Portrait of Gudulia,
A Yerba Buena Graduate
(recent snapshot)
Gudulia Concepción Molina Aguilar
Gudulia Concepción Molina Aguilar

Twenty-year old Gudulia Concepción Molina Aguilar is from Simojovel de Allende, Chiapas, just down the road from Dr. Santos and el Bosque. Simojovel is about twice the size of El Bosque and a little lower in elevation, so it must be similar, except even more bustling and hotter. Gudulia refers to it as being more civilized but more isolated -- "Way back in a little nook in the mountains," she says. Here's her story:

"My father is a radio technician and my mother works in the house. She also makes bread to sell in the street. I have three brothers and one elder sister.  When I was a child at home, I just played. Especially I liked to play marbles, even though that's a game that only boys are supposed to play."

Admitting that once she liked to play marbles, Gudulia looks profoundly ashamed and embarrassed. Her pixy-like face expresses the epitome of innocence. She seems younger than twenty.

"Well, the truth is, hmmmmmm..., Well, maybe at first I wasn't so well educated. I didn't help around the house and sometimes I didn't even pay proper respect to my parents. I wasn't bad all the time; just sometimes. And, well, my father had heard about Yerba Buena -- that here they can prepare you for life, and that they are very strict. For example, here they don't let you eat meat. Yes, strict in many ways, but the truth is that that helps a person a lot. Now that I've been here for several years my parents say that I'm a different person, and it's true.  When I graduated from Yerba Buena after two years of study I was well prepared both materially and spiritually."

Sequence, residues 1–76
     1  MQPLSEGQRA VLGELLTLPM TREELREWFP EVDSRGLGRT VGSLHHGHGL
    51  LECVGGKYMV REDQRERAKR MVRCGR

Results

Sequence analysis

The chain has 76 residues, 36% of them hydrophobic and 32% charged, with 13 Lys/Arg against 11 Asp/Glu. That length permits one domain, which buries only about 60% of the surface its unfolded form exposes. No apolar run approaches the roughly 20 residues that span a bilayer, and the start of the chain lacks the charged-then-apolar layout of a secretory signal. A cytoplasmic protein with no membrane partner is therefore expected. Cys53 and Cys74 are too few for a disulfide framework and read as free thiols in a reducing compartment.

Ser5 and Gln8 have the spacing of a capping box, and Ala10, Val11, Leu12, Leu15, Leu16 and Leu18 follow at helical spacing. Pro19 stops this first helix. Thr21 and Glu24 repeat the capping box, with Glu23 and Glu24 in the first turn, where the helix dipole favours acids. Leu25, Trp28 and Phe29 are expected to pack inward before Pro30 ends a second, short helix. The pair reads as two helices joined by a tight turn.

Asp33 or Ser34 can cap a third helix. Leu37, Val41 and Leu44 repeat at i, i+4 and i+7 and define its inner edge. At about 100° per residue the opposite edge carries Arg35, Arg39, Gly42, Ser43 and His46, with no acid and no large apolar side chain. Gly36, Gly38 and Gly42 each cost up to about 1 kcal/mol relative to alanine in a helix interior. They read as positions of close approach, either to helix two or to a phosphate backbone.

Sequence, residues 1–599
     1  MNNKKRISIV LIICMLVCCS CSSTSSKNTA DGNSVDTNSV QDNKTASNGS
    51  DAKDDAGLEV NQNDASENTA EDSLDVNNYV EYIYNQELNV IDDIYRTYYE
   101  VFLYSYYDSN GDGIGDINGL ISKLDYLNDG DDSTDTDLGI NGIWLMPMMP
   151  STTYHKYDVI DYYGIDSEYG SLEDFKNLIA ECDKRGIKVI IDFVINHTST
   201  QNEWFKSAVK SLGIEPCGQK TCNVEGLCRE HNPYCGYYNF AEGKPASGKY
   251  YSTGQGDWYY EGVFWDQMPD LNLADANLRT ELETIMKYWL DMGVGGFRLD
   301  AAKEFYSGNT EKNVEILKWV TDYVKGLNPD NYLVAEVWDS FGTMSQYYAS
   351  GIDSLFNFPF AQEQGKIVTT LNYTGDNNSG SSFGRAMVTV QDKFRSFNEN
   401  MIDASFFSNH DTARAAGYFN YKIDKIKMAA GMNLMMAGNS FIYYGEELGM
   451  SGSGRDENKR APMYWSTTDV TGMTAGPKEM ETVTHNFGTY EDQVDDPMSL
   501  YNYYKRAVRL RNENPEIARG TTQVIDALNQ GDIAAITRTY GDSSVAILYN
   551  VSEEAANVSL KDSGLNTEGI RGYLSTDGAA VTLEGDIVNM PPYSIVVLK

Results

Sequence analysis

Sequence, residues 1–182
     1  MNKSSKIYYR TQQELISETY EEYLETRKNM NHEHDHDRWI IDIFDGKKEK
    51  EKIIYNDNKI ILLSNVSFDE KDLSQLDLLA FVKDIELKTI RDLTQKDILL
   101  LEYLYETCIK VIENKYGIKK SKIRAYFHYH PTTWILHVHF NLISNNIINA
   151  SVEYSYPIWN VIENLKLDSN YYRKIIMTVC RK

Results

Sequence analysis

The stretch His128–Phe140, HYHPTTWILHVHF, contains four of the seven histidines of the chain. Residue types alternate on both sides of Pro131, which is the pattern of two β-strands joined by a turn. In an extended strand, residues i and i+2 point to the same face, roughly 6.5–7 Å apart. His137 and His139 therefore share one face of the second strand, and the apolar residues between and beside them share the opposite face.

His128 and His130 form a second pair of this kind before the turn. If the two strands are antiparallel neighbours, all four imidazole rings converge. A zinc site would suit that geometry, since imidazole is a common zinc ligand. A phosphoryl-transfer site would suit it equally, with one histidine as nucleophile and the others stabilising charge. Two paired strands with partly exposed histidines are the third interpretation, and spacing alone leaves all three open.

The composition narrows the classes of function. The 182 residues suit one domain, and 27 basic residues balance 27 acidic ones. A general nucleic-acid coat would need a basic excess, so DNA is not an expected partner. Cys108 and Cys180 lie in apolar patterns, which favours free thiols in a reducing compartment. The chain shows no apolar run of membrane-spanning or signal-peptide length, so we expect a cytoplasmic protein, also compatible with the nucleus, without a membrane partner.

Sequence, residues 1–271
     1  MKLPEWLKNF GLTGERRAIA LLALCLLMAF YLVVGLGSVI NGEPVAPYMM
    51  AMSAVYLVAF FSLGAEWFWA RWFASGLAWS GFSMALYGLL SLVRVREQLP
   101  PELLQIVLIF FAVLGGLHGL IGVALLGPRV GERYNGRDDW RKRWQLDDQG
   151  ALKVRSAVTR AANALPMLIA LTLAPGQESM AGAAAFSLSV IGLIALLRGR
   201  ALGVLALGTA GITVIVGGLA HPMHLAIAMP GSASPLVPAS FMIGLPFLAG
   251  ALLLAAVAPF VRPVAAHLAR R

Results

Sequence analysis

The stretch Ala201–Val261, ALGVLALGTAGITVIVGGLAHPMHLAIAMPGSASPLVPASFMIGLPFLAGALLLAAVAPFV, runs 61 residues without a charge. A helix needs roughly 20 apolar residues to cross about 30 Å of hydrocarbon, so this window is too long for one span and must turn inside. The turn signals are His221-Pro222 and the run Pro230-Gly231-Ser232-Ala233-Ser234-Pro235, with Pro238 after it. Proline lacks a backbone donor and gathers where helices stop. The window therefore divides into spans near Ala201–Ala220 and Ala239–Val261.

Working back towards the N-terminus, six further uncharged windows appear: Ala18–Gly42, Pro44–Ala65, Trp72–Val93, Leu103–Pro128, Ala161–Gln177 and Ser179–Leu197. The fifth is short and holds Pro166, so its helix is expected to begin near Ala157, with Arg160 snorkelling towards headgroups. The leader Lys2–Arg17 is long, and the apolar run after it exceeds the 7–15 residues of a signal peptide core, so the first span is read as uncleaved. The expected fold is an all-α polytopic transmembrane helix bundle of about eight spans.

The moment Gudulia touches on the theme of spirituality, for the first time she takes on an air of confidence. Instantly it becomes clear that this is the topic on which she feels most at ease.

"Before I came here I was a Catholic, but it didn't mean anything to me. Now I'm an Adventist, and I think I'm lucky to have found the religion. For example, my sister stayed in Simojovel and she never changed. She got married very young, had a baby, her husband left her, and now she's hurt, and very unhappy. But I'm here, working, and I'm very content. I work in the hospital. During operations I check blood pressure and apply compresses. But, most important, before the operation I make sure that everything is ready. Also I talk with the patients. I've seen that when you talk to them they don't hurt so much. Of course one problem is that many patients who come here speak only Tzotzil. Generally when they arrive they're dirty. We have to change their clothes and bathe them, but they don't feel comfortable letting us do that and it's hard to explain to them why it has to be done. However, when I was a little girl I wanted to be a social worker, so this part of my job is a little like that, and I don't mind."

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